Tahoe art appraiser Peter Bergna files new murder appeal
June 30, 2010
RENO, Nev. – A wealthy art appraiser from Lake Tahoe sentenced to life in prison for murdering his wife by staging a crash off a cliff 12 years ago has again appealed his conviction.
Peter Bergna, 57, said in the new challenge filed Monday in Reno’s U.S. District Court that he would have had to have been suicidal or schizophrenic to try to pull off such a stunt, and that he was neither.
Bergna, a son of a longtime former district attorney in Santa Clara County, Calif., also asked a federal judge to appoint him a lawyer because he only has $821 in the bank.
“The state’s theory that (Bergna) could/would murder his wife by staging a vehicle accident which, by its ‘design’ placed himself in mortal danger, is weird,” Bergna said in the appeal.
He claimed the brakes failed just before he jumped through a window from his 1997 Ford pickup truck. His wife, Rinette Riella-Bergna, did not escape and went over the side of a mountain to her de ath near the Mount Rose ski resort in June 1998.
At the time of the crash, Bergna was wearing sneakers, blue jeans and a windbreaker, not an “astronaut jump suit” worn by stunt-car drivers, the appeal said.
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“The theory that this ‘designed staged accident’ featured him driving his truck straight into a guardrail in pitch darkness on a steep-pitched mountain road is even weirder,” it said. “A person who would do that would have to be either suicidally depressed or schizophrenic.”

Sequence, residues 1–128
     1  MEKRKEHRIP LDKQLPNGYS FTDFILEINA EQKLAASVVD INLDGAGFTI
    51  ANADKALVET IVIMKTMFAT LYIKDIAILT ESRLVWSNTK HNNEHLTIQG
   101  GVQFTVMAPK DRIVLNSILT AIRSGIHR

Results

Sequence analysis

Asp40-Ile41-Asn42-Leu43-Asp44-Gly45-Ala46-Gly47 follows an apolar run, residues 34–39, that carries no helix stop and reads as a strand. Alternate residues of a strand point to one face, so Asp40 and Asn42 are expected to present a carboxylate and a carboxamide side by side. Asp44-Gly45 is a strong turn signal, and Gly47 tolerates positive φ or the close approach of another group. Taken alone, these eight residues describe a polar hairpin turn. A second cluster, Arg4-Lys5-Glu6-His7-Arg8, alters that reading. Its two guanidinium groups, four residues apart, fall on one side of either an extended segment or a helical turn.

He also claimed that the guardrail, which was missing eight or nine bolts, also failed.
Riella-Bergna, a 49-year-old international tour guide, had just returned from a trip when Bergna picked her up at the airport and drove up the Mount Rose Highway toward their home at Incline Village before stopping on an access road near the ski resort to talk.
A Washoe County jury in 2002 found him guilty of murder. He was sentenced to life in prison with parole possible after 20 years .
In the federal appeal, Bergna said the prosecution claimed Bergna planned the crash and jumped from the vehicle seconds before it went down the mountain. They said Bergna strategically placed two 5-gallon gasoline cans in the back of the truck to ensure a massive fire.
Bergna said, however, prosecutors could not “explain away” the lack of footprints on the side of the road, or the cornstarch from the air bags that was found on both Bergna and his wife proving he was inside the truck when they deployed, or the blue paint on the guardrail where his truck sideswiped the metal.
He also said that at the time of the crash, 2,931 Ford pickup trucks had problems with anti-lock brakes. But before the indictment, neither the state nor the Ford Motor Company inspected his truck for brake problems.
After he was indicted, Ford and the prosecutors would not let Bergna’s expert inspect the brakes, he said.
Bergna said the media portrayed him as being “guilty, guilty, guilty,” and that the public “hate people with money.”